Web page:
question.jpgIn Business Law

What is pass-through taxation?

Pass-through taxation is the type of taxation which generally applies to partnerships. This means that the partnership, itself, is not directly taxed, and the tax burden is instead passed on to the partners. Thus, the partnership pays its profit earnings to the partners as income, wages and profit payments, and each partner pays the taxes on their individual share of those profits. Similarly, if the partnership took a loss for the year, each partner can deduct their share of that loss from their personal tax return.

This is the same type of taxation that applies to a sole proprietorship, and to most limited liability companies (unless they elect to be subject to the double taxation that generally applies to corporations). This pass-through taxation is particularly advantageous for smaller businesses because (a) the final tax burden may be less then it would be with double taxation and (b) it is often easier to handle.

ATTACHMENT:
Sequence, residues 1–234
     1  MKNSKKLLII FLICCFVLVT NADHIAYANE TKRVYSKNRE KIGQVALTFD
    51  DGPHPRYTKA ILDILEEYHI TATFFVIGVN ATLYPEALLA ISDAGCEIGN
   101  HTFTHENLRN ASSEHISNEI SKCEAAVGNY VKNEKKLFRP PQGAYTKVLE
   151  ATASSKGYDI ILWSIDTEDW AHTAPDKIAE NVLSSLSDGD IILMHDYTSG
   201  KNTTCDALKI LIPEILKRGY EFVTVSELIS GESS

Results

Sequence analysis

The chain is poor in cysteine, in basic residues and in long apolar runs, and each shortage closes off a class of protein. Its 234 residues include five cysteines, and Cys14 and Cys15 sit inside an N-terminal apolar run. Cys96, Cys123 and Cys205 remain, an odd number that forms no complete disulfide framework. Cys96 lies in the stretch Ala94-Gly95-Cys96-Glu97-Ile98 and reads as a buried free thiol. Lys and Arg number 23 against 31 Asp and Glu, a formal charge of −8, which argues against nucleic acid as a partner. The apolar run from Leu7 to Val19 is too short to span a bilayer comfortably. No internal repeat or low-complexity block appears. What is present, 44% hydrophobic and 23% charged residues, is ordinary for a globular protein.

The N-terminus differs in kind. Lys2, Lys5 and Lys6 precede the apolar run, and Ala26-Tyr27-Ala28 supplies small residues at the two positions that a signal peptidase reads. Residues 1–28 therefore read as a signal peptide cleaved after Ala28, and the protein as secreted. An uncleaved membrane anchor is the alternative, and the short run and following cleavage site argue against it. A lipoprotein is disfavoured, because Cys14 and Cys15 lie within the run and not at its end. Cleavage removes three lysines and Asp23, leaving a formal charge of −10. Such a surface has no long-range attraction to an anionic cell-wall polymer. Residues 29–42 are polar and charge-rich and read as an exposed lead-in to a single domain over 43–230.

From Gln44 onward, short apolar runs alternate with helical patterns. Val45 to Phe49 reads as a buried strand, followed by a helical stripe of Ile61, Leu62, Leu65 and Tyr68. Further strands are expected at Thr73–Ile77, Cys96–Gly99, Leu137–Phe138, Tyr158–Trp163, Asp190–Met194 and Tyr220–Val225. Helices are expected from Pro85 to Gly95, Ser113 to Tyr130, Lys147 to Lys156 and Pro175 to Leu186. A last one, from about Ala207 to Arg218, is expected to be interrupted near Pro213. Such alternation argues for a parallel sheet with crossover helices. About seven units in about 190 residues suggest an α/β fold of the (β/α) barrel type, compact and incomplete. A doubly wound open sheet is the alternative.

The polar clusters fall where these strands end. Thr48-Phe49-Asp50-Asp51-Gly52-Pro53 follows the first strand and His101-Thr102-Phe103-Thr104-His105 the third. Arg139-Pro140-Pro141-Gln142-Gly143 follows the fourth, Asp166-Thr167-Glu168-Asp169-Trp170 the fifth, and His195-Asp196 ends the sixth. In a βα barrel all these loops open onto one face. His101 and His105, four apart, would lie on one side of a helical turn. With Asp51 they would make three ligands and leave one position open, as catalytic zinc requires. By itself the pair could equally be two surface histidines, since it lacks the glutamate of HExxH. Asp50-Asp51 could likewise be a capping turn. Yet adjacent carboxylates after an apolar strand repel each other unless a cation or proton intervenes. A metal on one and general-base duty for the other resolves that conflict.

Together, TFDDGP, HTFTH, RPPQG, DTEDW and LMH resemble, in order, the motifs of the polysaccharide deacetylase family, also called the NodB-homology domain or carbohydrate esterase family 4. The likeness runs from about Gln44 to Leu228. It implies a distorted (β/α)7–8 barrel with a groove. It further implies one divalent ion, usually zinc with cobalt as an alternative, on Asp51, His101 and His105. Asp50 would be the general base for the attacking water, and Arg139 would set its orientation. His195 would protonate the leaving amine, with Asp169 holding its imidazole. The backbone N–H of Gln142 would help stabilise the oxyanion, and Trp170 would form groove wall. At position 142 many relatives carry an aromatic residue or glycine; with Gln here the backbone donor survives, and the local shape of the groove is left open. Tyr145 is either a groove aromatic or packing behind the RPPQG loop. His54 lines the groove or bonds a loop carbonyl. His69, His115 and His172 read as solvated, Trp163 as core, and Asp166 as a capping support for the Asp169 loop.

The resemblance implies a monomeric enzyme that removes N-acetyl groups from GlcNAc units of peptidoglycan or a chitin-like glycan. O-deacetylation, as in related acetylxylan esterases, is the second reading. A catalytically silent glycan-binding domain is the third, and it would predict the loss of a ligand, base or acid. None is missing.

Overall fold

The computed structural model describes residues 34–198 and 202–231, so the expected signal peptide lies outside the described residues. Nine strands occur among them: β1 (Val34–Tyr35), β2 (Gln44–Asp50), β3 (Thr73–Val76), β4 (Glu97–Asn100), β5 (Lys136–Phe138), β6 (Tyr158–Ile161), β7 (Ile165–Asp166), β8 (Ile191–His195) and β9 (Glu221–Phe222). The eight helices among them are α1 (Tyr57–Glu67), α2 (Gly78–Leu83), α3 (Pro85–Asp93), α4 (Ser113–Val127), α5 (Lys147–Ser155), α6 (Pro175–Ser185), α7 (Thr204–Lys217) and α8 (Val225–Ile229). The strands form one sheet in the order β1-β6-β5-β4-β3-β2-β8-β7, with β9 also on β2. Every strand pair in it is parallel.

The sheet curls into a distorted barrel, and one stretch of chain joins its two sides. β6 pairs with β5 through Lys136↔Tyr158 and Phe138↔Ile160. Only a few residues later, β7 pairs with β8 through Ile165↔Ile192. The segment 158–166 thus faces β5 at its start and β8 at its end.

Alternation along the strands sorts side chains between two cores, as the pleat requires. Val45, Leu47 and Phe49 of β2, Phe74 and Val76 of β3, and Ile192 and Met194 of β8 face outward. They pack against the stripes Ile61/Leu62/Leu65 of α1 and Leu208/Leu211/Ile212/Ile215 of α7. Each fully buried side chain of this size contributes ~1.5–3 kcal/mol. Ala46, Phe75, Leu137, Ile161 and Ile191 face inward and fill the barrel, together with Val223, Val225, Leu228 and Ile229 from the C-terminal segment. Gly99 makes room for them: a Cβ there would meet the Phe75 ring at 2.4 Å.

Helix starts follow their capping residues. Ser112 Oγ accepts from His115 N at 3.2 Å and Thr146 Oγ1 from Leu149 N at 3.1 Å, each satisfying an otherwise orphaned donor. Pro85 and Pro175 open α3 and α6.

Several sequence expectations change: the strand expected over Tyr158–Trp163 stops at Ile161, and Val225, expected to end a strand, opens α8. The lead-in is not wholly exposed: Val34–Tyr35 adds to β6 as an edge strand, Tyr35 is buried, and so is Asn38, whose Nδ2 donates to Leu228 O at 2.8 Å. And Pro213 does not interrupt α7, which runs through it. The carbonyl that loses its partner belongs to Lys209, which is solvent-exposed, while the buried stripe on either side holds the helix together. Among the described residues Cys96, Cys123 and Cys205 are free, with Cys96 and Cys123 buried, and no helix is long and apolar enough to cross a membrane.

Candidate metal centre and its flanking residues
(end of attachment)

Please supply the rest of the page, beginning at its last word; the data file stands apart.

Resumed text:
You should be aware that the partnership itself must still file a tax return, even though it has no tax burden. This return has to indicate the partnership’s finances for the past year, showing how much the partnership made or lost. It also must show how the profits and losses are attributed to each partner, and to the extent any profits were paid, the return must indicate what profits were paid to which partners, and when they were paid.